A selfie during a 20+ mile rowing trip through Casco Bay. On these voyages I bring the downwind sail rig as auxiliary power. When the wind is fair and above 10 kts I'll fly the "squgsail".
My passions also extend not to just the boats, but the devices that connect boat to wind and water. Oarmaking is about as fine a nautical art form as one can explore. Here is a process of removing a chunk of wood and leaving just enough to create a light, balanced stick with a blade on it to propel the boat. I teach an oarmaking course at The WoodenBoat School called Traditional and Modern Oarmaking. You can learn a lot by reading the course description at the School's website. Oars are the medium that connects oarsman to boat; boat to water. When the oars are just right, rowing is a true joy.

Getting my first rowing race award at the Essex River Race.

Another area of mine is making hollow-birdsmouth spars. I've refined the technique and continue to do so to make the lightest, strongest hollow spars achievable for small boats. The process is fun to go through and the results are beautiful and durable. I've been been consulted with more than a couple well known boat designers looking to broaden their understanding of the hollow-birdsmouth sparmaking techniques and delivered workshops on the subject. It is an ongoing challenge and source of learning for me.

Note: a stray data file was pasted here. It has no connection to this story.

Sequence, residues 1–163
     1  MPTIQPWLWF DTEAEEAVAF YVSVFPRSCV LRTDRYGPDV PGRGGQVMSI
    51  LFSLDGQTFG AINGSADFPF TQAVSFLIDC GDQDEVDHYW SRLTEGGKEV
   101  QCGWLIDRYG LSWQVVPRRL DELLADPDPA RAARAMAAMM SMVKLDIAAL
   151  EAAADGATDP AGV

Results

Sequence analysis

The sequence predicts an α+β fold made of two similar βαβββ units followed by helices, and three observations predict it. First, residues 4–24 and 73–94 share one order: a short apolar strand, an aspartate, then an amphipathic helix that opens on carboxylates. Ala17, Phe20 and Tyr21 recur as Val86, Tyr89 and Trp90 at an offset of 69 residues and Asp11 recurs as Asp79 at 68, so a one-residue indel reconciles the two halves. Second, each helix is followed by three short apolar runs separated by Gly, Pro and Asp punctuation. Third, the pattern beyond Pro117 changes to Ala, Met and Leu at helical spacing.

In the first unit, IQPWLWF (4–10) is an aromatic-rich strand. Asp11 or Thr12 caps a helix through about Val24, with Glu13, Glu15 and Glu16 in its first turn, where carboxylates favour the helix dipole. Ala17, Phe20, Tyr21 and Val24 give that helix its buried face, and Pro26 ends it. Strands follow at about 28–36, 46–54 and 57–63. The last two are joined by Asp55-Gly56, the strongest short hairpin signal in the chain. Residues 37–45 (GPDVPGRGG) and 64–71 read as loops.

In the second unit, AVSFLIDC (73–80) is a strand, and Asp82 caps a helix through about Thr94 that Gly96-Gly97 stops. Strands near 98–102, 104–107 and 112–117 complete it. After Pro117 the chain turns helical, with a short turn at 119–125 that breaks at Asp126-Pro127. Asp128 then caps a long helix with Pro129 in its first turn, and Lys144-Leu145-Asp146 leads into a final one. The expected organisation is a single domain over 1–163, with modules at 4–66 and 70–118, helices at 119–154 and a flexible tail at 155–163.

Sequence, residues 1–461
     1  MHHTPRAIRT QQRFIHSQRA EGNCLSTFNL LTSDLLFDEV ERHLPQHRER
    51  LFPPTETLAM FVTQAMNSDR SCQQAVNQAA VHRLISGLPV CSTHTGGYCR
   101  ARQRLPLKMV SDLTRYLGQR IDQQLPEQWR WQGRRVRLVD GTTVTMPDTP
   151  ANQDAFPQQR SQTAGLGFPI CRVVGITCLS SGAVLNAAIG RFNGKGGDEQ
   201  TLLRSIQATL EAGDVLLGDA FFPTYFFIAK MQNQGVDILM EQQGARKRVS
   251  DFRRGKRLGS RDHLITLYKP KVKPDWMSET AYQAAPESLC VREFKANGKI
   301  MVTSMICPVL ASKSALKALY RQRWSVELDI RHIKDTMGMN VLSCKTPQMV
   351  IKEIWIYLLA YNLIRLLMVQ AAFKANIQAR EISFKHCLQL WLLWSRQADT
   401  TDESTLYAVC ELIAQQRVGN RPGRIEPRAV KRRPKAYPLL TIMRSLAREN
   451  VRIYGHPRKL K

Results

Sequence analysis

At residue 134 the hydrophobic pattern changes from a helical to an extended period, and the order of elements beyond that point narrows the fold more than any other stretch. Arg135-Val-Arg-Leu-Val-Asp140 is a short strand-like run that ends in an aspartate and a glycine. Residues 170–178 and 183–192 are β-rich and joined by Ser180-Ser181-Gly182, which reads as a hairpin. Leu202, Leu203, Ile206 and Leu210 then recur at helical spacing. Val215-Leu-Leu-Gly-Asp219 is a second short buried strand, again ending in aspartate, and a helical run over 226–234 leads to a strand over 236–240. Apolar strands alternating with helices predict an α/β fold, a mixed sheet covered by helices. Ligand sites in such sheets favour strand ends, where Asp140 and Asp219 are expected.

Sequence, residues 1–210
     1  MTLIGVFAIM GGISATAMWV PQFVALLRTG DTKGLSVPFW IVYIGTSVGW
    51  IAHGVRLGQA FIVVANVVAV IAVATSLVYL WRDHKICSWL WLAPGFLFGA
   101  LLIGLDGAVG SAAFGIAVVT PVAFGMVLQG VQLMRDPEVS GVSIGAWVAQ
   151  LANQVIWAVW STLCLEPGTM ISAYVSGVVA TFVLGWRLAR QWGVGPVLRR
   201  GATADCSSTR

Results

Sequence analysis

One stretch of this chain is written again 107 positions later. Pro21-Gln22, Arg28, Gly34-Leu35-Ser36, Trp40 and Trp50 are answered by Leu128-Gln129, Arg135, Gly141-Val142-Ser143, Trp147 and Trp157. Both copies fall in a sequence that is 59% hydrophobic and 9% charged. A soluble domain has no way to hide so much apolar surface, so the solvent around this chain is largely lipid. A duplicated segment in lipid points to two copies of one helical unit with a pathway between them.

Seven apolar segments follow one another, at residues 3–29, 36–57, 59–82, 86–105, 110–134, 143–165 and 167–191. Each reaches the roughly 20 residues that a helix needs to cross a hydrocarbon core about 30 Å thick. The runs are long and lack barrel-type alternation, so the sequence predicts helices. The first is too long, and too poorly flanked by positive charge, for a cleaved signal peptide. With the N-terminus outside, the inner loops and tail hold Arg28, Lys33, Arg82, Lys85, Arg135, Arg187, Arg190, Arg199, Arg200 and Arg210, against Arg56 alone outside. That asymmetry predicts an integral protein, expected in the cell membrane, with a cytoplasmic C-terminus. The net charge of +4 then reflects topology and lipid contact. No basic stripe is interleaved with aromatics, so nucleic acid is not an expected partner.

Applying the evil eye while sighting a 25' mast being glued up in a jig.

Teaching is an important outlet for me. I love to teach people to love the craft as much as I do. To see a student begin to understand how a tool works, or get their head around a process, or see why something works the way it does through direct experience is rewarding work. I teach regularly at The WoodenBoat School -- two classes in strip-composite construction and another in oarmaking. My work at The Landing School however is year round and full time. I've taught boatbuilding for several years at The Compass Project in Portland, Maine. And I've given workshops at boat shows a other boat shops. In all these settings, I find great reward in seeing students grapple with the skills, patience, and persistence it takes to craft boats, oars, spars, and new designs.

Giving demonstrations at the annual Lie-Nielsen Tools open house at their headquarters in Warren, Maine.

In summary, my passion truly lies in the complete design spiral: seeing a mental image of a new boat come to life on paper, go through the CAD process on the computer, leave the computer as prints, quarter scale models, and eventually as CNC cutting files. The parts get cut, assembled, finished and sea trials commence. We're only 3/4's of the way through the loop. It takes times to make all the decisions that lead to a revised boat model and a new start to another design loop. It really never ends, and therein lies the beauty of boatbuilding, design, and getting on the water: there is always something new to learn.

The best teaching of all is helping my kids learn to love boats and the water like I do....

Jia learning to row at 5...Dad has her...see that rope to the right!

Oliver, 8, taking his Dad out for a sail!